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Then why is Atlantic City approach clearing a jet to land at an airport which is marked no jet traffic allowed?And if approach has (1) no idea of airport restrictions and runway lengths, and (2) no authority or responsibiity to tell a pilot his request is not authorized / illegal - then I better stock up on Greyhound and Amtrac tickets.

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Some interesting points: Did the pilot mistake Bader for ACY? He had Bader plates on his yoke and acknowledged the Bader clearance but stated on initial contact that he was inbound to ACY. He had a flight plan on file but the report doesn't indicate what destination he filed. Reggie's point is also interesting: ATC understood he wanted AIY, though he stated ACY. They would know from his flight strip that he was a jet, so why did they clear him? I don't believe, though, that ATC is responsible for verifying that it is permissible or appropriate for him to land at a particular airfield. They manage separation. However, they might reasonably have known and advised him.I was stuned that he overflew the airport at 180kts at 200 feet, circling to land. Wow. So much for the traffic pattern. He also turned into traffic landing on the opposite end of th rwy and was not in touch with local traffic. This had trouble all over it.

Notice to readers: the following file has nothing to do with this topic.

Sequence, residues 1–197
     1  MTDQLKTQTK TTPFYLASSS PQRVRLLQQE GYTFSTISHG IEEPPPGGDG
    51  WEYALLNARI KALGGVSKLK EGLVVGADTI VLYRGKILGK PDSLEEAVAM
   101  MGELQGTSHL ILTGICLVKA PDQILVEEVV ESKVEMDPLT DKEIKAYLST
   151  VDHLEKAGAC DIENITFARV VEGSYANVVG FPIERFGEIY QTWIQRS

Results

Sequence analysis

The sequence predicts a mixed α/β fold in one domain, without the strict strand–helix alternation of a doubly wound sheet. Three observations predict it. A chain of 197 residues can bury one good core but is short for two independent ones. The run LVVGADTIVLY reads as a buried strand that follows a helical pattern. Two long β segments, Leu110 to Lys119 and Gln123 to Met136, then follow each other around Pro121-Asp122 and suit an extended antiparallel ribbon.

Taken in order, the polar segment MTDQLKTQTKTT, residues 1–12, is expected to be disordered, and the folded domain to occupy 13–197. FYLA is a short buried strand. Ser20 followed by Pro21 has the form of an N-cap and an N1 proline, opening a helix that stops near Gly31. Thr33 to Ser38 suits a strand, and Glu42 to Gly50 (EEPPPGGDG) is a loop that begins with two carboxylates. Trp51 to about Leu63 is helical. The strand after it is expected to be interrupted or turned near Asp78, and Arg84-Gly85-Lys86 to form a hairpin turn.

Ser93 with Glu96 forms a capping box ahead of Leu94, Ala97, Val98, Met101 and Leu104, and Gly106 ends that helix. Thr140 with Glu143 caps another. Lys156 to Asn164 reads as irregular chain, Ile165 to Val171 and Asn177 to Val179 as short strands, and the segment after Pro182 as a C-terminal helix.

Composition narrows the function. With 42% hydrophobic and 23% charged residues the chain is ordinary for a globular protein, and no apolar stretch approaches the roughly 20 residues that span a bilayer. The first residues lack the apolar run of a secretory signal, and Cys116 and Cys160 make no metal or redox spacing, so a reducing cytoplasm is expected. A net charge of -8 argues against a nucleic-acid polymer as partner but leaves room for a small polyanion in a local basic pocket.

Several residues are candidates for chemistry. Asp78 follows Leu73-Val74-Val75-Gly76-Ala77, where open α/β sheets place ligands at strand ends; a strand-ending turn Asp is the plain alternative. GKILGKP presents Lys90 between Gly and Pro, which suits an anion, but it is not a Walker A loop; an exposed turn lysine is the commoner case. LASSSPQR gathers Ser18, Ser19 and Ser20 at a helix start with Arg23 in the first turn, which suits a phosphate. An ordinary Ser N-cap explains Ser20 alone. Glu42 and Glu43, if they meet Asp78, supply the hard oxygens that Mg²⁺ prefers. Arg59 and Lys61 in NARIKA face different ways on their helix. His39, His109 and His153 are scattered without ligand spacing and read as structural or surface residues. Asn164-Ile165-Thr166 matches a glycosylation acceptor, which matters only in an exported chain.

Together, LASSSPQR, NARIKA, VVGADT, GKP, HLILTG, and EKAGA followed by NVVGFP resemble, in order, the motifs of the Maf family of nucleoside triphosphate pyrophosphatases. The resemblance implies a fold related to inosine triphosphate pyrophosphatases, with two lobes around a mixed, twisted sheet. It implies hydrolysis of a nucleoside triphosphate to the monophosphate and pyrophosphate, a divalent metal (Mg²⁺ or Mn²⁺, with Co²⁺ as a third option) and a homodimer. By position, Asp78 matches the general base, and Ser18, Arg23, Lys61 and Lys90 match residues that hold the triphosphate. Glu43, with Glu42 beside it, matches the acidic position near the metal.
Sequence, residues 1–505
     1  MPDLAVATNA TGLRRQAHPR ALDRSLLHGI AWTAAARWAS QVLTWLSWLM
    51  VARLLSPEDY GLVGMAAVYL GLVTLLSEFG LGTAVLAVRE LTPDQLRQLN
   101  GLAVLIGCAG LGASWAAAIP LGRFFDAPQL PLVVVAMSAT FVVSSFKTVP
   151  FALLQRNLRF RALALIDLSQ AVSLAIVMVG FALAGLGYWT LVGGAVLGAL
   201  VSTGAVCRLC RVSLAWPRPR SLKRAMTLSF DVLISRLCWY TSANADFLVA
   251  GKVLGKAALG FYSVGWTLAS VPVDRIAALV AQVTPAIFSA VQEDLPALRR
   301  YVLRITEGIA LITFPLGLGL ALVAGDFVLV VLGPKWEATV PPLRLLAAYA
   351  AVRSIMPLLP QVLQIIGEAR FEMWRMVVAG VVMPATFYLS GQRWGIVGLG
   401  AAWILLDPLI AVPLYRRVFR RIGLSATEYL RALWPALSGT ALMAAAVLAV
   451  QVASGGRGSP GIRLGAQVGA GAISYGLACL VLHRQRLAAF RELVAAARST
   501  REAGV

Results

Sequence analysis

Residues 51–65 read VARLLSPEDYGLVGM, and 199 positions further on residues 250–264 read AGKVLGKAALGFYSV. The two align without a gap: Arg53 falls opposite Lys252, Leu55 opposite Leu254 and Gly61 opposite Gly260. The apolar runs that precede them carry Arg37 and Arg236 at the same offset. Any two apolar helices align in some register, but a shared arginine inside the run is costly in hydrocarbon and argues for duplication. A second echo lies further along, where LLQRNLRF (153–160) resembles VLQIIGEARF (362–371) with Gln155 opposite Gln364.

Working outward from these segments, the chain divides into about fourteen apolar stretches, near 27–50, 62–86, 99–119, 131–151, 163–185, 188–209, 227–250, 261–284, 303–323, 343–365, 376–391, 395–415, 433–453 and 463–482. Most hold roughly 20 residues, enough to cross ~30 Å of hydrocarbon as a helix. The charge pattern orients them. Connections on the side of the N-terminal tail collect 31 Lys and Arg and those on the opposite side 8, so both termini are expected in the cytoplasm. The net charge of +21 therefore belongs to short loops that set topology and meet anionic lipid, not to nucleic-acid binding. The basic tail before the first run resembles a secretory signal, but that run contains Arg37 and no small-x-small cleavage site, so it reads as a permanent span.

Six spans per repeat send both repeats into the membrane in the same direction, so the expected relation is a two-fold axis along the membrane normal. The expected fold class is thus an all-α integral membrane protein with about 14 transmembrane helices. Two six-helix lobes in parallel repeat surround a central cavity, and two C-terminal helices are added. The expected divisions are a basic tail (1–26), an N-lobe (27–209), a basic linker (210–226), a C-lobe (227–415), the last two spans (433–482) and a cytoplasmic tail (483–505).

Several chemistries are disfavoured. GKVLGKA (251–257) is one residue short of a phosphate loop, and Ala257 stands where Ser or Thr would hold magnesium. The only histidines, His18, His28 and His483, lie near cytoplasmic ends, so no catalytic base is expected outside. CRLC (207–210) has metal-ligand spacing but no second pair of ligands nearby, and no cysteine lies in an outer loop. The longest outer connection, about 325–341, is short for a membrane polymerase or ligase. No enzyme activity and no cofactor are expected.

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Wait a minute. I thought the pilot was in there, trying to taxi it out of the water. (which would be a crazy thing to do, btw). You are telling me that there was no pilot in the plane when the engines re-lit?RhettAMD 3700+ powered by Gerbil wheel + gerbil, eVGA 7800GT 256, ASUS A8N-E, PC Power 510 SLI, 2 gigs Corsair TWINX, blah blah, etc. etc.

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>>I was stuned that he overflew the airport at 180kts at 200>feet, circling to land. Wow. So much for the traffic pattern.> He also turned into traffic landing on the opposite end of th>rwy and was not in touch with local traffic. >Didn't he land with a tailwind? Isn't that what you are getting at?RhettAMD 3700+ powered by Gerbil wheel + gerbil, eVGA 7800GT 256, ASUS A8N-E, PC Power 510 SLI, 2 gigs Corsair TWINX, blah blah, etc. etc.

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>I'm impressed that the FADEC managed to relight the thing>with all that water, the engine managed to actually produce>power while ingesting that much water, and the horizontal stab>survived all that water striking it. That was one tough bird>and it just wasn't going down without a fight! :(>>I know it was written off, but anyone have any idea what>became of it after?>>If I recall I saw a show on building the 777 and they tested the engines with a ton of water being thrown at it, equivalent to a hurricane and the engine kept running. So they are designed to keep running.

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No, he landed against traffic and with the wind. As I recall reading, there was another ac in the pattern for landing at the opposite end. Either way, i thought standard practice was to overfly 50 - 1000 feet above pattern altitude and then decend and join the pattern.

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the accident report indicated that the left condition level was in Cutoff but the right was bent over in low idle, as I recall.